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    Come on, mate. You're too smart to believe that this was why we didn't wait on the Celtics. We didn't wait on them because we were afraid that OKC would take their offer off the table if we told them to wait.

    Here's how it would go down if we had waited for the Celtics, in my opinion:

    1) We tell OKC to wait. OKC gives us a short deadline, we cannot meet it because the Celtics haven't signed Gordon Hayward yet and OKC pulls their offer.

    2) Kyrie asks to get traded and the Denver deal is off the table.

    3) The Celtics offer us Jae Crowder, the Clippers pick and the Memphis pick.

    4) No other team fields any offers because they don't want to risk PG being a rental so we're forced to take the Celtics offer.

    Obviously, the above is just a hypothetical. But I really don't believe that waiting would have helped us here. I believe that waiting would have only made our situation worse.
    Sorry, I guess I could have made that part green.
    I personally would have rather waited until at least the day Hayward was signed.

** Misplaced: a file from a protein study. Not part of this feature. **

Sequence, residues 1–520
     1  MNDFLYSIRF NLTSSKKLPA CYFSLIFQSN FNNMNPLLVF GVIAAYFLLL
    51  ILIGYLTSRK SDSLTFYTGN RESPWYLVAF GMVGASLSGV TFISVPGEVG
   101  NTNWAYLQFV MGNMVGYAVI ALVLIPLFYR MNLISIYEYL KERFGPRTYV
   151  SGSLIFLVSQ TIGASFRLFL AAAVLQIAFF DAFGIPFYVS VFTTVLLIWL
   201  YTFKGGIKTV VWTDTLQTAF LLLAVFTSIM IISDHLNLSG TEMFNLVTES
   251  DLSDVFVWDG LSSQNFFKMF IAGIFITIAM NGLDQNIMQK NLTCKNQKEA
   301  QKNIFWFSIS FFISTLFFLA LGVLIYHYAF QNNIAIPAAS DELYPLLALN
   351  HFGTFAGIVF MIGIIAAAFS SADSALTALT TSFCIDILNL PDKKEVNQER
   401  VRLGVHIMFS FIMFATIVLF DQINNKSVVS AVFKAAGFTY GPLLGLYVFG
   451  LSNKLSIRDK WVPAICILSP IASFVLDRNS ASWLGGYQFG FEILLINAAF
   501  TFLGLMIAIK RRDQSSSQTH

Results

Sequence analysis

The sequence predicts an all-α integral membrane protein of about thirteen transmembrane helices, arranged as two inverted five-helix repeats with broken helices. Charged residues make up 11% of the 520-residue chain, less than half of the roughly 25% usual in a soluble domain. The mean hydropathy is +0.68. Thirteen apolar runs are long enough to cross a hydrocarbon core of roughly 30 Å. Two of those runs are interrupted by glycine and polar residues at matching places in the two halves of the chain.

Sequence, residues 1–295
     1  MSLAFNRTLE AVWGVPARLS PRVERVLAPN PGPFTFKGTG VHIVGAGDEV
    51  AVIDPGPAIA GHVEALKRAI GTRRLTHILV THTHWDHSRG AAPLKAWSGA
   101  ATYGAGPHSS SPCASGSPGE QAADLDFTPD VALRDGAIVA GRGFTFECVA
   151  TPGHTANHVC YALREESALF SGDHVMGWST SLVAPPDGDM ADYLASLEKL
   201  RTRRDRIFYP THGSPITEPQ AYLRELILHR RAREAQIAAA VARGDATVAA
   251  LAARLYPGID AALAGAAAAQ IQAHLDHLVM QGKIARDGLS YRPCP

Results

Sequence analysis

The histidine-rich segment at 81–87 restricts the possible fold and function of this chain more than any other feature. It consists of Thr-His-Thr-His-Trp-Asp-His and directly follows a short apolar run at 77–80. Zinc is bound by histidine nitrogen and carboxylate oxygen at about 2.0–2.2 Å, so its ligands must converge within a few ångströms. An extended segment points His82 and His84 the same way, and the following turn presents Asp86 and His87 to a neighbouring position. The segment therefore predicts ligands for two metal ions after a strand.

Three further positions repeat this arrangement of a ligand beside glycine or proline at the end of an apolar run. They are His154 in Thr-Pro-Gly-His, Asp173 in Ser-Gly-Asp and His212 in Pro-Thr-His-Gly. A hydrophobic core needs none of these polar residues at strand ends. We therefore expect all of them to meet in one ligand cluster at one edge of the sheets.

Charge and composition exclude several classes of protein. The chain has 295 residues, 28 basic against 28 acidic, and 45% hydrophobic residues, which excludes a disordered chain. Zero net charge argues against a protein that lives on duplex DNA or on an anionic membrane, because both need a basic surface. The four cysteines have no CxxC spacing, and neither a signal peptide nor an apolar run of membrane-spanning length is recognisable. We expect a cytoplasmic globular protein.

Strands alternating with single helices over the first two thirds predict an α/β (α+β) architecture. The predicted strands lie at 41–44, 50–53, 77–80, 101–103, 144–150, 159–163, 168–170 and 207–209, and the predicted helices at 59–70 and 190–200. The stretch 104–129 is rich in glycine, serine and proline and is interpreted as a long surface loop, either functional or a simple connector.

No one knew that Kyrie was going to ask for a trade but having the Cavs deal fall through because of that could have been a good thing.
    Larry Bird qouted March 25th. 2015:

    Bird: I wanted to keep our group together because in the summer, if David and Roy opt out, we're back to zero, really. We don't have that much, so you leave your options open. If we did make a trade, I didn't want to take on a lot of contracts -- because that's what usually happens. Plus, I liked my guys. They're playing well. If we keep the core together and Paul comes back healthy, we'll be right back to where we were.

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    Default Re: The Paul George and Indiana Pacers relationship, and what other teams can learn

    Quote Originally Posted by Pacerized View Post
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    Sorry, I guess I could have made that part green.
    I personally would have rather waited until at least the day Hayward was signed.
    No one knew that Kyrie was going to ask for a trade but having the Cavs deal fall through because of that could have been a good thing.
    Gordon Hayward signed on the 14th. We traded PG on the 6th. There's no way that OKC would keep their offer on the table for that long. They would have taken it off the table and we would have been forced to accept a much worse offer.
    Tonight, all flags must burn, in place of steeples.
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    Default Re: The Paul George and Indiana Pacers relationship, and what other teams can learn

    Quote Originally Posted by Nuntius View Post
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    Gordon Hayward signed on the 14th. We traded PG on the 6th. There's no way that OKC would keep their offer on the table for that long. They would have taken it off the table and we would have been forced to accept a much worse offer.